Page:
So Much Has Happened…(Part One)

…since the last time I blogged (April 2012).  Almost a year!   Let’s do a quick year in review:

April 30, 2012:  Had surgery to repair (and practically rebuild) my right shoulder.  What was supposed to be a 12 week rehab ended up taking 16 weeks.  Thanks to a brilliant surgeon and phenomenal physical therapist, I have complete and pain-free use of my right shoulder and arm.  Seems 18 years of doing deep tissue massage took its toll.

May 2012:  Discovered, due to inactivity from shoulder surgery, that I have an anatomic anomaly, called Iliac Vein Compression Syndrome (Also known as May-Thurner Symdrome, or MTS).  In a nutshell that means that the vein that is responsible for draining the left leg is lying underneath, instead on top of, the artery responsible for feeding it.  This resulted in compression of the vein, and my leg swelled to three times its normal size.  Fortunately for me, I did not develop a Deep Vein Thrombosis.  I had a semi-surgical (balloon venoplasty and stent placement) that opened the vein, the stent keeps it open, and the swelling went down within 48 hours.  The rest of the good news is that the stent has remained open, and I need to get it checked (via ultrasound) every 6 months.  So far, so good.

Also, in May, we discovered that Morgan had an inoperable cancerous tumor in her colon.  Careful management gave her just a few weeks or months to live.  All of you who know me, and knew Morgan, know the very special bond we had.  I was devastated, and continue to grieve.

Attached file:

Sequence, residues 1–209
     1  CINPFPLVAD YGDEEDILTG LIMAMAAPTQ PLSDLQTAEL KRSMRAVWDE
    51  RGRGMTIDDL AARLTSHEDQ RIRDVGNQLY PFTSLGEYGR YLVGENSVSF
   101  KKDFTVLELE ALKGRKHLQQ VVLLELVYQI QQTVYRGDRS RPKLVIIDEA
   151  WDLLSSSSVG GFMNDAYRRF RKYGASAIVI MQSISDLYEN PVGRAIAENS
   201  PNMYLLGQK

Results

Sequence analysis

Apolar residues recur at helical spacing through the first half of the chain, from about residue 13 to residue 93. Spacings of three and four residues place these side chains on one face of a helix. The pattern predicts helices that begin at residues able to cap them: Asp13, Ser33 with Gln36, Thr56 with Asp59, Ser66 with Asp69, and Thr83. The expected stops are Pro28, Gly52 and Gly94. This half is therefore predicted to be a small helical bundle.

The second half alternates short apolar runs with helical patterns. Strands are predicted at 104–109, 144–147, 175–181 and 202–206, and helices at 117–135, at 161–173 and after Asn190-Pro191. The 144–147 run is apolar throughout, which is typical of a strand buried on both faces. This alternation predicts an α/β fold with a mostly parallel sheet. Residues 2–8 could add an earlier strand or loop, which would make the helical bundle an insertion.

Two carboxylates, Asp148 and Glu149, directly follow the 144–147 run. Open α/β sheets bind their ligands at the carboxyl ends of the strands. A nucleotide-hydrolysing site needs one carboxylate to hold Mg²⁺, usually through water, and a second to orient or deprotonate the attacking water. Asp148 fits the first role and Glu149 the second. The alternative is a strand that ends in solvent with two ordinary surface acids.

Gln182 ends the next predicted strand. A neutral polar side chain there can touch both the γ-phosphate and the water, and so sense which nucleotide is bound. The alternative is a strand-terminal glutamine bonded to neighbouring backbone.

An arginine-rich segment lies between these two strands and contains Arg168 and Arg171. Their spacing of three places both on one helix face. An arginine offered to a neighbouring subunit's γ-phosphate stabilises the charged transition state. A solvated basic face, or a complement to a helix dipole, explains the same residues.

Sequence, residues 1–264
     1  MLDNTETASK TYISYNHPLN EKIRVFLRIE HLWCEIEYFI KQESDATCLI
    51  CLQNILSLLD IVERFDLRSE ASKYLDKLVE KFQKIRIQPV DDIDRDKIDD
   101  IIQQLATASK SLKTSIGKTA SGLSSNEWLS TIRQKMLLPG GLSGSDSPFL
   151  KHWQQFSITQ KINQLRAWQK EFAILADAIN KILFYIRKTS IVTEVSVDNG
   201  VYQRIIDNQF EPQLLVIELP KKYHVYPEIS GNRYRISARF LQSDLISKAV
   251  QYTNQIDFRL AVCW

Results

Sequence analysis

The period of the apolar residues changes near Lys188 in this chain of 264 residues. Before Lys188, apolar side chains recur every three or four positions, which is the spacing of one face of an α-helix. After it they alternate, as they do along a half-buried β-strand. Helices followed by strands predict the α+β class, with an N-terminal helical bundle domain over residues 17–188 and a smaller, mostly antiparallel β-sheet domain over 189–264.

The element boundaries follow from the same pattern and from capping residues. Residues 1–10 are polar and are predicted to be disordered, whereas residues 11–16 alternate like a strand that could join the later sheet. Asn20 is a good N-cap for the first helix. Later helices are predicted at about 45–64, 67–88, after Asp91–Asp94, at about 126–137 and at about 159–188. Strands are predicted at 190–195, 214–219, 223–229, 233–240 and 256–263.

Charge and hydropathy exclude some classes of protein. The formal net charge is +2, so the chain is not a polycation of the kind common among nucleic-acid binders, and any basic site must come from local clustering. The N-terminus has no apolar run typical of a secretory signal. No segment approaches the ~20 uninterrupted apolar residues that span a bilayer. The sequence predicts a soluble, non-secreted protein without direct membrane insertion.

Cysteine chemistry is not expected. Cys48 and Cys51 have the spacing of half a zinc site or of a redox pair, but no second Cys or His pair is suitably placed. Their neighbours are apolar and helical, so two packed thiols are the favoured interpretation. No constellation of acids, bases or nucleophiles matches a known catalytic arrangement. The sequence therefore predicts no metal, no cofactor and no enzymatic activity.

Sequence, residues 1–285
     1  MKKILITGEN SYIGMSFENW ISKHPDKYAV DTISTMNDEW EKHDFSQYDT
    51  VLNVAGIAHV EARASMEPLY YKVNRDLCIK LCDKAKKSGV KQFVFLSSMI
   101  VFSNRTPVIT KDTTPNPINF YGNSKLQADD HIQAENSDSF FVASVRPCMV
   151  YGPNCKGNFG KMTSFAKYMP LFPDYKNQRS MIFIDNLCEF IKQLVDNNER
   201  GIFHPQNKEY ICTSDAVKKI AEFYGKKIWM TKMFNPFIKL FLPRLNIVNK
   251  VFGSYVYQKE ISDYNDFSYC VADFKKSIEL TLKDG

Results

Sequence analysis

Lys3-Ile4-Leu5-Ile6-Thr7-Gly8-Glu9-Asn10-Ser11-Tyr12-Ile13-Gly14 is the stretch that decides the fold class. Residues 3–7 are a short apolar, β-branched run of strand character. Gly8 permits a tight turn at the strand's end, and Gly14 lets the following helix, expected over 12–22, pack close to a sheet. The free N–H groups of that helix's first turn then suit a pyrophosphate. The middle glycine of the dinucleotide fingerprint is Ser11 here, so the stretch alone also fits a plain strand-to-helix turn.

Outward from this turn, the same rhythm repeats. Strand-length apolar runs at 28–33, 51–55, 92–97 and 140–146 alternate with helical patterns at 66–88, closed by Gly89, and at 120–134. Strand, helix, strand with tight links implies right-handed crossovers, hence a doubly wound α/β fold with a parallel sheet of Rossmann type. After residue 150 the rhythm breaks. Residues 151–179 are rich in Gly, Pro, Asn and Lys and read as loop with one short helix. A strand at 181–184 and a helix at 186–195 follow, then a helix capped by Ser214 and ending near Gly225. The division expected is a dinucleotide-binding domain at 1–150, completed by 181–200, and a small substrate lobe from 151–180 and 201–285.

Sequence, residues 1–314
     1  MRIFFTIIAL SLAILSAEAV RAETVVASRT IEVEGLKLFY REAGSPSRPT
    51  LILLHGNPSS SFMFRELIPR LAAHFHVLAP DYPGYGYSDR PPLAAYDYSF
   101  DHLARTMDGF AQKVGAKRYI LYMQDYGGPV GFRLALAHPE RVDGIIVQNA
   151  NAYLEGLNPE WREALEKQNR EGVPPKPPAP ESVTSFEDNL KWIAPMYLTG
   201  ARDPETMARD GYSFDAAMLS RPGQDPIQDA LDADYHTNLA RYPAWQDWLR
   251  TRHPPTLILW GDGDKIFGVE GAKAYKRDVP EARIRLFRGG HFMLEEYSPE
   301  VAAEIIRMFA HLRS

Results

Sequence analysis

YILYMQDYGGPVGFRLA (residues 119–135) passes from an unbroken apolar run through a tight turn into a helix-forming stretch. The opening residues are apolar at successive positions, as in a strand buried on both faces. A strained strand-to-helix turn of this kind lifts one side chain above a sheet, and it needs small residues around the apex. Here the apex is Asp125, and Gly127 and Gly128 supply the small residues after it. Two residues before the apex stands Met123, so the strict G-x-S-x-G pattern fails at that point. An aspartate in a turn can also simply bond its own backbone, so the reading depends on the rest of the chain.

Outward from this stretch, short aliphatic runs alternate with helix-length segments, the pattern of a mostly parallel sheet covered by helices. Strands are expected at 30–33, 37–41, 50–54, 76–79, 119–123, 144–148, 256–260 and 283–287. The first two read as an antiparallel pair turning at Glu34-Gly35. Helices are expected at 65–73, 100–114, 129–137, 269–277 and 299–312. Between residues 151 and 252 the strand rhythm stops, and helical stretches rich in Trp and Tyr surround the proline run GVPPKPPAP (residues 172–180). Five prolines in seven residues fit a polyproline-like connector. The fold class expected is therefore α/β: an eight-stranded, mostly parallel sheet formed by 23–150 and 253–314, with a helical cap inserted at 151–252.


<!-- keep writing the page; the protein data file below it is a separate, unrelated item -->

I don’t remember much of June, except that it was filled with kitty intensive care, and preparation for a great loss.  Somewhere in there, I think both Tim and I had the flu.  Of course,  I then developed bronchitis and ended up on Prednisone for a while (my least favorite thing).

July:  We lost Morgan in July.  She let me know when it was time, and we brought her in to the wonderful Dr. Stone for the last time.  She took her last breath while sleeping peacefully cradled against my chest.  Just like it was supposed to be.  Even typing this, I feel the tears well up.  I miss her so very, very much.

August:  Tim and I took a much needed vacation, camping on Cape Ann in Massachusetts.  A week on the beach was very much needed, as was the change of scenery.

My birthday came and went without a lot of fanfare.  I wasn’t in the mood to celebrate much.  In fact, I’m pretty horrified that I’m 53 years old.  That brought up a whole bunch of other stuff.

I was diagnosed with sleep apnea, and got fitted for a CPAP machine.  I have a love/hate relationship with it.  I don’t like the mask/hose thing, however, I sleep through the night and wake up refreshed.  It seems that I suffer from Severe Obstructive Sleep Apnea.  The CPAP is like a gift from the gods.  Even though I, periodically, disengage myself from the mask mid-night sometimes.  Oh well.